Entrance exam and different branches
- The Indian Administrative Service
- The Indian Police Service
- The Indian Foreign Service
- The Indian Revenue Service
- The Indian Information Service
|Different Branches||Names of posts||Responsibilities|
|Indian Foreign Service||
|Indian Administrative Service||
|Indian Police Service||
The career prospects in civil services are many. A candidate who clears UPSC or the state level civil services examination and has completed his/her training is commissioned as an office. In Central Services, the first posting is usually as a Diplomatic attaché/ Undersecretary/ Probationary IPS officer, depending on the branch chosen. In state civil services, it is referred to as Deputy Collector/Deputy Superintendent of Police/ Taxes Commissioner etc.
Jobs & Salary
Depending on whether you choose the Central or the State services and appear for the respective examinations, you’re prospective employer is either the Government of India or the Government of the specific state you write the examinations for. Also once you join the services, depending on which branch you work for, you will eventually become the Managing Director or Chairman of most government owned enterprises. Example: The Chairman of Bharat Petroleum or Indian Oil will always be a senior level IAS officer.
IFS officers apart from serving as diplomats and ambassadors of India in various countries have the chance to work with the elite Research and Analysis Wing (RAW). Only the top and most talented officers make it to RAW and work on gathering intelligence and counter-terrorism.
The salaries of civil servants may not be as high as corporate employees but the perks and subsidies compensate for it. An IAS or IPS officer gets free quarters, fuel allowance, cook, and driver apart from study allowances. Interest free loans are offered on the house by banks as the credibility of civil servants by virtue of being employed by Government (State or Center) is very high.
|Designation||Compensation per annum in Rupees|
|Assistant Commissioner of Police/Joint Collector/DSP||Rs.15,600-Rs.39,100 plus grade pay of Rs.5400. On an average it is Rs.28,500 in metropolitan cities and a little less if posted in district headquarters.|
|Deputy Commissioner of Police / Additional Deputy Commissioner of Police/District Collector or Magistrate||Rs.15,600-Rs.39,100 plus grade pay of Rs.6600. On an average it is Rs.34,550 in metropolitan cities and a little less if posted in district headquarters.|
|Senior Superintendent of Police, Director (R) Cabinet Secretariat (GOI)/ Deputy Secretary||Rs.37,400-Rs.67, 000 plus grade Pay of Rs.8700. On an average it is Rs.46,750 in metropolitan cities and a little less if posted in district headquarters.|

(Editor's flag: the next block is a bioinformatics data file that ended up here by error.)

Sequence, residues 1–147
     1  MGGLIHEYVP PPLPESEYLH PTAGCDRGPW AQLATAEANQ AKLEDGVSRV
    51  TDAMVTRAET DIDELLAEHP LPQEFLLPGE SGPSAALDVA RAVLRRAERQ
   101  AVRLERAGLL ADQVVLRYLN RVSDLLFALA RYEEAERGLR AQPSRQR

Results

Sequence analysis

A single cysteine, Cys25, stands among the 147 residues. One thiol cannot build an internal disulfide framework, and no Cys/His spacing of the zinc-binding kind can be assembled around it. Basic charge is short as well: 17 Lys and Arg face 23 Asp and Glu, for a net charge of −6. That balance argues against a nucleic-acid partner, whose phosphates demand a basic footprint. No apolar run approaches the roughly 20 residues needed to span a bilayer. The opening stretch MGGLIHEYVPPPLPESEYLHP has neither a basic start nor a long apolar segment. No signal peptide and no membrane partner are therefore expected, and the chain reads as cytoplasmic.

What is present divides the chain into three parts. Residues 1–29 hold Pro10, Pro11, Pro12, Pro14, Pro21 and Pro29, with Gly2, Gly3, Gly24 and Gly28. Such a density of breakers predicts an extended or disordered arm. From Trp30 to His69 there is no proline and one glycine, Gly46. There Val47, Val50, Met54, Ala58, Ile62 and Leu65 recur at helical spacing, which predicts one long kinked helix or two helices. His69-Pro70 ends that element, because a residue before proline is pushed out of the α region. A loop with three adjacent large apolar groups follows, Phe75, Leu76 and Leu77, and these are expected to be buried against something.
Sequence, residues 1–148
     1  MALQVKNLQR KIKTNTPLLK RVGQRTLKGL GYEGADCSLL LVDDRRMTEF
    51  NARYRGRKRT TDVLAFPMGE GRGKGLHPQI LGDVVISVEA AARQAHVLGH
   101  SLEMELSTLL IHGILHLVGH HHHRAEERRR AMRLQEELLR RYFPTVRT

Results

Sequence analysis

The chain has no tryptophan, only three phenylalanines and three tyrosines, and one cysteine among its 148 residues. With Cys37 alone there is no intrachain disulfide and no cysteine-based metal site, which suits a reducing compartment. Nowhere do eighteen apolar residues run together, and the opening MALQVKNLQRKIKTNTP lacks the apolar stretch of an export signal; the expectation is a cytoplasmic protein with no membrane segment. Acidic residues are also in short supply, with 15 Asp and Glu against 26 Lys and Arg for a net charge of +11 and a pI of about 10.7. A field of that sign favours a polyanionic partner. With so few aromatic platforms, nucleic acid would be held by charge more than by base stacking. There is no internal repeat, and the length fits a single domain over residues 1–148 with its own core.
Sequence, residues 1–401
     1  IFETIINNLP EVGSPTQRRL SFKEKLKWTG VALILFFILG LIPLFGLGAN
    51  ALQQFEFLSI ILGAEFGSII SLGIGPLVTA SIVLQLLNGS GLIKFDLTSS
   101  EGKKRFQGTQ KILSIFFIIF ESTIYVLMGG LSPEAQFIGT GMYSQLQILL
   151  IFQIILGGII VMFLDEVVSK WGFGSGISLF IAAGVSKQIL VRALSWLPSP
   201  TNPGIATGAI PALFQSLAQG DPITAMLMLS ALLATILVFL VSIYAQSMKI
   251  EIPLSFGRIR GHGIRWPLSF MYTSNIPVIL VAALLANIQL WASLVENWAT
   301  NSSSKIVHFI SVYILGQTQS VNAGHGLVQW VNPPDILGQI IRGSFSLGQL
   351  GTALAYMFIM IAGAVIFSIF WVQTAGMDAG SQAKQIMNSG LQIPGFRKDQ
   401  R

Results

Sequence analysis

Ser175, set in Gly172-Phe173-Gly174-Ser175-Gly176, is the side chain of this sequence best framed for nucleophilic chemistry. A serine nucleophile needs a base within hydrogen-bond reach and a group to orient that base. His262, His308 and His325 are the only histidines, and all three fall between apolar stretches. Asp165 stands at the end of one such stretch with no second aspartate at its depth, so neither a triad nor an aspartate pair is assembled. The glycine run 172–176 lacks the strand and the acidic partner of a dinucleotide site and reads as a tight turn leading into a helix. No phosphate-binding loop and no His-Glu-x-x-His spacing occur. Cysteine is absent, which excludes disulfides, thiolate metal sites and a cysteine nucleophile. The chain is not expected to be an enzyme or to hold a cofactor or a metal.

|Deputy Inspector General of Police, Commissioner of Police (City), Director (R) Cabinet Secretariat (GOI)/ Director/Special Secretary||Rs.37,400-Rs.67,000 plus grade pay of Rs.8900.. On an average it is Rs.54,600 in metropolitan cities and a little less if posted in district headquarters.|
|Inspector General of Police, Commissioner of Police (City), Joint Secretary if empanelled as such (R) Cabinet Secretariat (GOI)||Rs.37,400-Rs.67,000 plus grade pay of Rs.10,000. On an average it is Rs.54,600 in metropolitan cities and a little less if posted in district headquarters.|
|Additional Director General of Police, Commissioner of Police (City), Special or Additional Director (GOI), Special or Additional Secretary (R)||Rs.67,000- Rs.79,000 (Range is fixed. Salary Structure changes from this designation)|
|Director General of Police - Only one cadre post. Director (GOI), Director General (GOI), Secretary (R) Cabinet Secretariat (GOI)||Rs.80,000 (fixed) plus grade pay-Nil|
Note: These salaries are according to the 6th Pay Commission. They are meant to give a rough idea and not to be taken as water tight and exact.
Pros & Cons
A career filled with irresistible perks and power only seen in politics is what a career in Civil Services offers. Like the Indian Armed Forces, the pride of working for the progress development of our country is the primary reason most aspirants choose Civil Services as a career option.
- Job security perks benefits and retirement benefits.
- Power, Prestige and Authority to frame policies that govern daily life or businesses.
- Reputation and ability to reach out to the corridors of power to move matters.
- Chance to develop and usher the country on a path of progress and bring about a systemic change for the betterment of future generations.
- Unbridled access to knowledge and future education by way of Government's civil servant's policies.
- The path to becoming a civil services officer is strewn with immense hard work and sheer dedication. One has to forget friends and family sometimes to prepare for the gruelling examinations.
- Salaries may not be as high as compared to other professions.
- Inter-job transfers may be difficult and sometimes inevitable, so it is like a double edged sword.
- Job-hopping is not an option as once you choose a branch of civil services you have to pretty much stick to it.